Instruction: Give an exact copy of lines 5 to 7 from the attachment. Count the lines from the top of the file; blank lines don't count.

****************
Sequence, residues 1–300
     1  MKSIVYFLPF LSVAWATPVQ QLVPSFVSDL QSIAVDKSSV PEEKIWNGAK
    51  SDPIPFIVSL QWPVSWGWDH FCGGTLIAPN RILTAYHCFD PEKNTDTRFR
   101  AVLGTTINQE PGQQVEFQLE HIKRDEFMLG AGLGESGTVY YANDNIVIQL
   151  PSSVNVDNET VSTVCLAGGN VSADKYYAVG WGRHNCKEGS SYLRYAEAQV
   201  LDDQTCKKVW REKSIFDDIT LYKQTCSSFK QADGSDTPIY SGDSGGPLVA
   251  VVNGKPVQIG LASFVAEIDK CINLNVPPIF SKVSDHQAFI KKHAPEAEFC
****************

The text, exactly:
   151  PSSVNVDNET VSTVCLAGGN VSADKYYAVG WGRHNCKEGS SYLRYAEAQV
   201  LDDQTCKKVW REKSIFDDIT LYKQTCSSFK QADGSDTPIY SGDSGGPLVA
   251  VVNGKPVQIG LASFVAEIDK CINLNVPPIF SKVSDHQAFI KKHAPEAEFC